In the late 1890s she started painting en plein air, depicting outdoor scenes from the Zagreb Botanical Garden, Maksimir Park and other parks in the city, featuring somewhat lighter tones and colors.[1] In 1899 she returned to her hometown of Ozalj and continued to paint outdoors, which was also unusual at the time. Her most valuable paintings were all created in the 1890s, including works such as Self-portrait, Spring in Ozalj, The Old Mill and others. Her works were first publicly exhibited at the Art Pavilion in Zagreb soon after it opened in 1898, where six of her watercolors were presented along with the works of renowned painters such as Menci Klement Crnčić and Vlaho Bukovac. Her paintings were also exhibited in Saint Petersburg, in Moscow and at the Exposition Universelle in Paris in 1900, where five of her paintings were shown.[1]

In 1900 first symptoms of depression began to appear. She was hospitalised but soon after that she was released for home care. However, her condition deteriorated further and Slava was eventually institutionalised at a psychiatric hospital in Stenjevec in 1903. She completely stopped painting in her last years, and died on 29 March 1906 from tuberculosis.[1]

Independent artist[edit]

Slava Raškaj's bust in Zagreb

Otoić helped her to open her own atelier. It was a small, white painted room, once a mortuary. Her first aquarel was completed there, and probably today's most famous self-portrait from the year 1898. In 1899, Raškaj spent at home in Ozalj, wandering outdoors, drawing the landscapes, perfecting her favoured medium technique, enriching them with her unique and distinguished style and sensitivity.

Slava Raškaj's Grabstätte in Ozalj

Her works have been exhibited since 1898 in art pavilions of Zagreb, Moscow and Saint Petersburg. It was the prolific part of her career when most of the valuable works were done, including:

  • “Stablo u snijegu” (Tree in the snow)
  • “Rano proljeće” (Early spring)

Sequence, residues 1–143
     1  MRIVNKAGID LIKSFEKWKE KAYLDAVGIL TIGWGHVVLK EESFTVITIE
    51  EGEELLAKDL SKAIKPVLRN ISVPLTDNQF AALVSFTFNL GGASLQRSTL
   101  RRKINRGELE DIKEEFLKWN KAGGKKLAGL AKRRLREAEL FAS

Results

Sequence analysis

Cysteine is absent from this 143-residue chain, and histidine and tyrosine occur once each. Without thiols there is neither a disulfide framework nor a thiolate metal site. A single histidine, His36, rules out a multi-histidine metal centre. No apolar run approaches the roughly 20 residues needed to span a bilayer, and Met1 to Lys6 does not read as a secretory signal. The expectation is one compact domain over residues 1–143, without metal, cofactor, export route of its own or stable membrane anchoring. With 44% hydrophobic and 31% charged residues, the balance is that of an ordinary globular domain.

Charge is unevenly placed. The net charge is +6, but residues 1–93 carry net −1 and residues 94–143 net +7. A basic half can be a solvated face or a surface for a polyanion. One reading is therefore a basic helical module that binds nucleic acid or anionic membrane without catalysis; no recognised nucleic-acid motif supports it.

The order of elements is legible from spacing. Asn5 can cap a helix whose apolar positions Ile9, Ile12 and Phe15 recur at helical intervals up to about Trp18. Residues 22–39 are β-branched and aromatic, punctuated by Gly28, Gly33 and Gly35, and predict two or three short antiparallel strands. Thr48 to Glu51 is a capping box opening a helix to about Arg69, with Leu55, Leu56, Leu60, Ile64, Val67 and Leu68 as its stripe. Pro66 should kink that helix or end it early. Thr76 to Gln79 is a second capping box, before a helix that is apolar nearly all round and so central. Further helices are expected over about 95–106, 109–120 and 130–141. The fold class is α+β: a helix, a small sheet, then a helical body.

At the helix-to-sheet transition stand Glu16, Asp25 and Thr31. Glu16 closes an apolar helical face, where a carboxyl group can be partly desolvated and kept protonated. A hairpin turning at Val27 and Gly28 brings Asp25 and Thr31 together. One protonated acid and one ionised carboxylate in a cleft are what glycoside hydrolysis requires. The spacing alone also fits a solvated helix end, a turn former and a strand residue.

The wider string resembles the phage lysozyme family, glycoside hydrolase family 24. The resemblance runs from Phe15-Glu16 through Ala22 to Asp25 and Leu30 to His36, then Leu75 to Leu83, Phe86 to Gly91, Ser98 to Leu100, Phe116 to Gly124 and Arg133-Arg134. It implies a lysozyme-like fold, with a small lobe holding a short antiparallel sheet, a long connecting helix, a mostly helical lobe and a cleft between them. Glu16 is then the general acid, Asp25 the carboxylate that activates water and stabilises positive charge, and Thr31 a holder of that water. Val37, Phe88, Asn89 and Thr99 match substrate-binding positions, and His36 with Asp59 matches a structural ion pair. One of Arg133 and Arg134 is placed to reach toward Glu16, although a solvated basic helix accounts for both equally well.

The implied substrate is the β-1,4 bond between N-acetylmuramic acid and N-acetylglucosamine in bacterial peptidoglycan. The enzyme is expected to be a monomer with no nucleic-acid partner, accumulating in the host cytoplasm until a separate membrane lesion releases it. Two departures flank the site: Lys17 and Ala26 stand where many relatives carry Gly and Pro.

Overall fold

• “Proljeće u Ozlju” (Spring in Ozalj)
  • “Zimski pejsaž” (Winter landscape)
  • “Lopoči” (Water lillies)

Soon, the first symptoms of the disease started to show up—loneliness, alienation, need for privacy and nature. Old abandoned mills, depth of the canyon of Kupa river, ruins started to be the focus of her mind.

In 1902, due to chronic depression, aggression and other psychological symptoms she was institutionalised. She died March 29, 1906.

Legacy[edit]

A Croatian film about her controversial relationship with Sesija titled 100 Minutes of Glory directed by Dalibor Matanić was released in 2004,[3][4] and a grand retrospective exhibition featuring 185 of her works opened at the Klovićevi Dvori Gallery in Zagreb between May and August 2008.[1]

In December 2000 the Croatian National Bank issued a silver commemorative coin depicting Slava Raškaj,[5] in their Famous Croatian Women series (Znamenite Hrvatice), along with children's writer Ivana Brlić-Mažuranić and the 17th-century noblewoman Katarina Zrinska.[citation needed]

The Slava Raškaj Educational Centre, in Zagreb, specializes in inclusive practical and vocational education for deaf students and those with communication impairments.[6]

References[edit]

  1. ^ a b c d e f g h i Ožegović, Nina (26 May 2008). "Sjaj genijalne slikarice" [Glory of a genius artist]. Nacional (in Croatian). Archived from the original on 22 July 2012. Retrieved 15 October 2010. 
  2. ^ "Josip Medved s učenicima prvog zavoda za gluhonijeme u Zagrebu" (in Croatian). Croatian School Museum. Retrieved 15 October 2010. 
  3. ^ "Sto minuta slave" (in Croatian). DaliborMatanic.com. Retrieved 15 October 2010. 
  4. ^ "100 Minutes of Glory (2004)". Internet Movie Database. Retrieved 15 October 2010. 
  5. ^ "Slava Raškaj" (in Croatian). Croatian National Bank. Retrieved 15 October 2010. 
  6. ^ http://centar-sraskaj-zg.skole.hr/

External links[edit]